, Volume 8, Issue 4 Supplement, pp S62-S67

Are twins’ behavioural/emotional problems different from singletons’?

Rent the article at a discount

Rent now

* Final gross prices may vary according to local VAT.

Get Access

Abstract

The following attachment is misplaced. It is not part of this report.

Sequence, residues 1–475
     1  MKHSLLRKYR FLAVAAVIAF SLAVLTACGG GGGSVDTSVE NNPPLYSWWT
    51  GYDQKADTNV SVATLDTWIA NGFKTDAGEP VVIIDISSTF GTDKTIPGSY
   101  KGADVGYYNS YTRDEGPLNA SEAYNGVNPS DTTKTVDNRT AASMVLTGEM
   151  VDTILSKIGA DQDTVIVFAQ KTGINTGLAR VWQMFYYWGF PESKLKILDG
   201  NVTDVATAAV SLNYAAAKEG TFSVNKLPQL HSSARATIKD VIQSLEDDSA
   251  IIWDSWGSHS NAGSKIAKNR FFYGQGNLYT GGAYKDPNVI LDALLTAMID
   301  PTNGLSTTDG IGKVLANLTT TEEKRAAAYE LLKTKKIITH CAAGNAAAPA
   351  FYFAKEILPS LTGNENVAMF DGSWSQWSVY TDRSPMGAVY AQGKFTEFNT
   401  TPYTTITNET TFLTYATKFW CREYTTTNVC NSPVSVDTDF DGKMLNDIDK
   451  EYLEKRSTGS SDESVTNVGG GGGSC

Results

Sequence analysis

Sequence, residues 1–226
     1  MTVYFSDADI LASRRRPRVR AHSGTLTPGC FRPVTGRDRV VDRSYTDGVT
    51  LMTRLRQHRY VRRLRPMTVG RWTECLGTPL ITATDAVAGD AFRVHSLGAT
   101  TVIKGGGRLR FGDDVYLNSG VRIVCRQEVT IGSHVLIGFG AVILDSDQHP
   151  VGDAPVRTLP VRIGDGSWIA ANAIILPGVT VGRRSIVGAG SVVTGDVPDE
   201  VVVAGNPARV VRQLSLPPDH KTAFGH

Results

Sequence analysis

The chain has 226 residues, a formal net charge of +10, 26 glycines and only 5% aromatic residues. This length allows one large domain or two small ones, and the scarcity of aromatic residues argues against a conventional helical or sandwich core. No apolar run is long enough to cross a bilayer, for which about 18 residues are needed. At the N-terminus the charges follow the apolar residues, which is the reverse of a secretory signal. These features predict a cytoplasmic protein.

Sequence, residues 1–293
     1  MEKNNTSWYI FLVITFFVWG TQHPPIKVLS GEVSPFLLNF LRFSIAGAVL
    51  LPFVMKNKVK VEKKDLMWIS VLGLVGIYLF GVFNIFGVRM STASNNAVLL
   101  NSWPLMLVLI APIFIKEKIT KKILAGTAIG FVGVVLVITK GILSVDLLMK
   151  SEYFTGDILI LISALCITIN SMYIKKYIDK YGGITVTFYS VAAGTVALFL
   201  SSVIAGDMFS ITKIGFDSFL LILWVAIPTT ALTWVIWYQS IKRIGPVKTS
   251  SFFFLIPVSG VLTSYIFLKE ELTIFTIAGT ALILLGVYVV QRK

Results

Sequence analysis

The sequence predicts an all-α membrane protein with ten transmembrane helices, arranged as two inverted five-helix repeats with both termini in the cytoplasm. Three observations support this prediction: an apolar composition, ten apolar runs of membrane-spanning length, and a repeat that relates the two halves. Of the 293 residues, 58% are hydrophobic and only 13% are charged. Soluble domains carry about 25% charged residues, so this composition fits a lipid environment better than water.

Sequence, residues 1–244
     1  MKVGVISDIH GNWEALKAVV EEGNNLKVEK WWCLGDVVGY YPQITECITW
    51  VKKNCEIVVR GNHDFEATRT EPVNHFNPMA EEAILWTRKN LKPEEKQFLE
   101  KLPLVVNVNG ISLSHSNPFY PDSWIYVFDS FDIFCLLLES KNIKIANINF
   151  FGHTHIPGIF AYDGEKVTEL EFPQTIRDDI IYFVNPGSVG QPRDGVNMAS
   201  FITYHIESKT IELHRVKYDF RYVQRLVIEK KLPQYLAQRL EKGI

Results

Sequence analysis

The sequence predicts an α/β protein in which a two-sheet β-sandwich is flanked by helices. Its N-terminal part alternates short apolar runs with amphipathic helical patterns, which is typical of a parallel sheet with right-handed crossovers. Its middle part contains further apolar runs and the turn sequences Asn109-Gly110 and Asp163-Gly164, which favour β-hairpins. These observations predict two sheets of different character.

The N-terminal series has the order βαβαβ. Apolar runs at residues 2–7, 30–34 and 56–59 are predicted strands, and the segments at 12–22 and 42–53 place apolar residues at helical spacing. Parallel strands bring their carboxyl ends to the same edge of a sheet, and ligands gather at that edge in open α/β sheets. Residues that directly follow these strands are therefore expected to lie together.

We compared twins with singletons in the National Epidemiological Child Psychiatric Study, which included 122 twins and 5455 singletons, born in 1981 and selected at random. Behavioural and emotional symptoms were assessed in 1989 on the basis of questionnaires filled in by the parents (Rutter Parent Questionnaire) (RA2), teachers (Rutter Teacher Questionnaire) (RB2) and the children themselves (Children’s Depression Inventory) (CDI). Parents’ reported proportions of probable behavioural/emotional disorders did not differ between the twin and singleton girls, but among the twin boys there was a nonsignificant trend of being more often probably disturbed. Twins were reported to be less disturbed than singletons according to the teachers’ assessments. No difference was found between twins and singletons in their self-reports. When analysing parents’ reported values of various sum scores, the twin boys obtained slightly higher scores than singletons, while twin girls scored significantly lower on total and emotional disturbances. Twin boys obtained lower mean scores than singletons for probable disorder in the teachers’ evaluations, the differences arising mostly in the emotional area. The same type of trend, however nonsignificant, was found among the teachers’ evaluations of girls. No significant difference was found in the mean scores for hyperactivity. This large population-based sample suggests that twins may have a lower rate of behavioural problems in childhood than singletons, a finding that has to be taken into account in behavioural genetic studies.